Let’s face facts: even though folks who read this magazine presumably hold the research process in high regard, the phrase “academic research hospital” probably doesn’t sound as exciting as, say, the mow-down spirit of Wall Street or the Tyson-Holyfield match. But think again. In today’s free-for-all health-care market, academic hospitals-which conduct the research that undergirds high-tech medicine, educate new doctors about the latest techniques, and apply those tools and methods to rich and poor patients alike-are battling to maintain their financial strength in the face of competition from for-profit hospitals. Exciting?
“A little too exciting,” says Samuel O. Thier, president and chief executive officer of Partners HealthCare System. That nonprofit Boston-based organization includes two of the largest and most respected teaching hospitals in the country, Massachusetts General and the Brigham and Women’s, as well as three other teaching hospitals and a network of more than 750 separate primary-care doctors. “You have to remember that this isn’t a game; we’re talking about health care for people.”
Thier, former president of the National Academy of Science’s Institute of Medicine, spent three years as president of Brandeis University before taking the reins of Massachusetts General and creating the Partners system, which had revenues of $2.1 billion in its fiscal year 1996.
Technology Review senior editor Laura van Dam recently asked Thier whether-and how-to maintain the traditional missions of academic hospitals.
TR: Some critics say that the competition among hospitals today stems from rising health-care costs that in turn have partly come about because every hospital has felt obliged to acquire and use high-priced medical technologies such as MRI (magnetic-resonance-imaging) machines. Does the development of new technologies help or hurt financially?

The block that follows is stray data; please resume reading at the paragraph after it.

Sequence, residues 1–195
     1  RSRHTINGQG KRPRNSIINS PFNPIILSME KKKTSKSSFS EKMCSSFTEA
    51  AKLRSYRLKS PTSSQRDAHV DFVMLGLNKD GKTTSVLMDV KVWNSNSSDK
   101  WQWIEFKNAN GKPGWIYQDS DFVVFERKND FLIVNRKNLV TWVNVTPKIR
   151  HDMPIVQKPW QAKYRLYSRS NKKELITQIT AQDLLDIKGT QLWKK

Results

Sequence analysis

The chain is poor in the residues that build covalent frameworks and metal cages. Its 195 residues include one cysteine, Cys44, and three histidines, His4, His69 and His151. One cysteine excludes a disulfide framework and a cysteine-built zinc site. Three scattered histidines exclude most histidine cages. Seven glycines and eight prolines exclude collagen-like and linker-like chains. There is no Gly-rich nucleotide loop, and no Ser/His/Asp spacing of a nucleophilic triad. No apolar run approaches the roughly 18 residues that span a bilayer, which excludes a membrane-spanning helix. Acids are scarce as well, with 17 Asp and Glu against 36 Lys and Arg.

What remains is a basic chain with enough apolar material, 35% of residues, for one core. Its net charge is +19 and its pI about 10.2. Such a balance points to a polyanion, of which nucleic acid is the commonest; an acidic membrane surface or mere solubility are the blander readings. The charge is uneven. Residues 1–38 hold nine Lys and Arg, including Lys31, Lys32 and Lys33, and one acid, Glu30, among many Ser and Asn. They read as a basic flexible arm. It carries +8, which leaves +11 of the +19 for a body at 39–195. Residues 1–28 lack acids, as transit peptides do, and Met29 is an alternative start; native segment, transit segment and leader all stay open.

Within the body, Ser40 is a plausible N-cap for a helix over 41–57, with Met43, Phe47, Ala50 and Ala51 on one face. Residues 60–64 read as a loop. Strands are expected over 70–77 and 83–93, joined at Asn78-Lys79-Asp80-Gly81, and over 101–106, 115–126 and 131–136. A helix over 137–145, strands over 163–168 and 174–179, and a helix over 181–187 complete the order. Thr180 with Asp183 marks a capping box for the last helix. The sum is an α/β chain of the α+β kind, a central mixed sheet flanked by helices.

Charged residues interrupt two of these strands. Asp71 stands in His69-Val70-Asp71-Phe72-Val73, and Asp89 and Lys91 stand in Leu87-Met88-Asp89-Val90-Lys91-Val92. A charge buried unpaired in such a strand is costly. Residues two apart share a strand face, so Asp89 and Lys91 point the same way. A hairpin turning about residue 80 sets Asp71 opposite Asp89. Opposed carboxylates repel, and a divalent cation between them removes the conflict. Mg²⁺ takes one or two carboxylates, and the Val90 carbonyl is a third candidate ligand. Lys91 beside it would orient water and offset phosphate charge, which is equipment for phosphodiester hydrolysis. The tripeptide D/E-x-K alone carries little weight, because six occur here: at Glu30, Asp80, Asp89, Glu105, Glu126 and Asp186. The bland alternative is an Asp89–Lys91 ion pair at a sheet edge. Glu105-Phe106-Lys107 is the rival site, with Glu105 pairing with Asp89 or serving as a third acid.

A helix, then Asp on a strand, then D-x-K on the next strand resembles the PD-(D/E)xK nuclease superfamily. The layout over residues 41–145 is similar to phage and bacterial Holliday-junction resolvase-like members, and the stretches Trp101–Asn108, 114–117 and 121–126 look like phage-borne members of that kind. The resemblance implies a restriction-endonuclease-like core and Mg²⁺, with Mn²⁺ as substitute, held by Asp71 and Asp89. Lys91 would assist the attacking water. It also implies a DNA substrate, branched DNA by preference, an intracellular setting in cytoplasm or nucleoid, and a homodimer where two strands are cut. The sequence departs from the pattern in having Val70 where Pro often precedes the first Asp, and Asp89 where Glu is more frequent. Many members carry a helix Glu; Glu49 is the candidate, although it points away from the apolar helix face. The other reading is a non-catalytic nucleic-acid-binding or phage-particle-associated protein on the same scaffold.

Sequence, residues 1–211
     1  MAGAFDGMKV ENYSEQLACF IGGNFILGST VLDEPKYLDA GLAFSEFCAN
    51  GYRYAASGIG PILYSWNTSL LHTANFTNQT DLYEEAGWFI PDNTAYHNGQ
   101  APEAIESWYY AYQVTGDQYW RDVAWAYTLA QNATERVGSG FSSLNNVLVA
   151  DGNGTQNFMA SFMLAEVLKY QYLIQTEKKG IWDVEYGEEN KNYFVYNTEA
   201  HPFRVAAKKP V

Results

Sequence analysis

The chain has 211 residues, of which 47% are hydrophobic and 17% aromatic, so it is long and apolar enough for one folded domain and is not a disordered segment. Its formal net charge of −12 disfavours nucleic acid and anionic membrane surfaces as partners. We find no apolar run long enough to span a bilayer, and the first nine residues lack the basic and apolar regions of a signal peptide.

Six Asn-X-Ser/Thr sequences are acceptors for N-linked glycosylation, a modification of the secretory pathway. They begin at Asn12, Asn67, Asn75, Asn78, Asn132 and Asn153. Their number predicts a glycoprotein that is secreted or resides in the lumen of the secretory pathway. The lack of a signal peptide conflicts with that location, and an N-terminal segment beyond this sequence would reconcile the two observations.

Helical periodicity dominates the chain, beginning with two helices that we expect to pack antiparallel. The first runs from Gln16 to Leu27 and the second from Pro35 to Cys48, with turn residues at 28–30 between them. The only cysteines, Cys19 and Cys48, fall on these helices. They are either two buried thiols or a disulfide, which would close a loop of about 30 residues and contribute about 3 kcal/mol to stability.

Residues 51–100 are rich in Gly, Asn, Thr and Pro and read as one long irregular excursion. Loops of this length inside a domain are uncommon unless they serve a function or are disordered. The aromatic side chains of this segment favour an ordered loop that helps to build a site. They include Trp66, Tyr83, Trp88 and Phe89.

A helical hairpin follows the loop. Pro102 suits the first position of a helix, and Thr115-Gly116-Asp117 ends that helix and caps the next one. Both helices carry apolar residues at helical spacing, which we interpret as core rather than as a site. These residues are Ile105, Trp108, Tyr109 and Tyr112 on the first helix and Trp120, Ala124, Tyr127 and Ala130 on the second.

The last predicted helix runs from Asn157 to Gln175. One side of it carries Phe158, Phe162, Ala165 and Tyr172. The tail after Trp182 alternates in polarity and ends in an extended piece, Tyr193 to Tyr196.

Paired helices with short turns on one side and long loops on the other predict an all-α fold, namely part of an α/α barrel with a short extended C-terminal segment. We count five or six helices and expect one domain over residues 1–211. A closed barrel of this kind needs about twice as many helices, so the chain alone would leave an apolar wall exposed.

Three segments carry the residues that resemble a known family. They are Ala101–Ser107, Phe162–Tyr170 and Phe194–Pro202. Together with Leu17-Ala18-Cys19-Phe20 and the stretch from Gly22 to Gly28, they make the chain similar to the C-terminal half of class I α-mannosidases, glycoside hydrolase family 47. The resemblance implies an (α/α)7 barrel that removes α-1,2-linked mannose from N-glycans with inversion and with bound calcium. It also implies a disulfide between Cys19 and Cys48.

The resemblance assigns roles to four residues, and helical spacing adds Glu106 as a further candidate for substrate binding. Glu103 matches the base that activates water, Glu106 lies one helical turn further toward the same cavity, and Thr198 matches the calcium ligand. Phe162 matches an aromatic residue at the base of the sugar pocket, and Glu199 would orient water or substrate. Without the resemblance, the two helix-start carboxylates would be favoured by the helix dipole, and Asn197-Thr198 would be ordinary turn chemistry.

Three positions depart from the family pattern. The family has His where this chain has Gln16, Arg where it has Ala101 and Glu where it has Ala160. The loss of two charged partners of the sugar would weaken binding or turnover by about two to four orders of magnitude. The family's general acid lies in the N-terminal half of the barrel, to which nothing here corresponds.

THIER: To assume that technology raises health-care costs is silly. Depending on the particular technology and its use, it can cost more, save money, or be neutral. Look at the lithotriptor, a shock-wave machine that costs $1.5 million and blows up kidney stones. Previously surgeons had to remove kidney stones from patients who then might stay in the hospital four or five days and could be out of work for a month. With lithotripty patients go home the same day and are back at work in two days. That means major savings to the economy.
Partners HealthCare has just formed the Center for Innovative Minimally Invasive Technology, which is developing ways to improve diagnoses and treatments with less trauma to the patient. That can translate into fewer medical problems, which in turn can reduce the time patients have to spend in hospitals. Whereas we used to open the abdo-men to remove somebody’s gall bladder, with minimally invasive technology we can now take the gall bladder out through a little tube called a lapar-oscope. We’re also doing research with a new MRI unit that lets surgeons operate on the brain while they’re looking at MRI images. Previously surgeons couldn’t do both tasks at once. That made brain surgery trickier and sometimes longer.
Maintaining the level of medical-technology research we’ve had is important in this era of managed care. Already, physicians in the regions with the highest penetration of managed-care facilities show a fall-off in clinical-research publications and grants. This suggests that doctors are being pulled away from those responsibilities to see more and more patients.
I’m not saying managed care is bad-in fact, Partners is all for it and very much takes part in it-but it should not be used to promote the lowest-cost care at the expense of research on better treatments.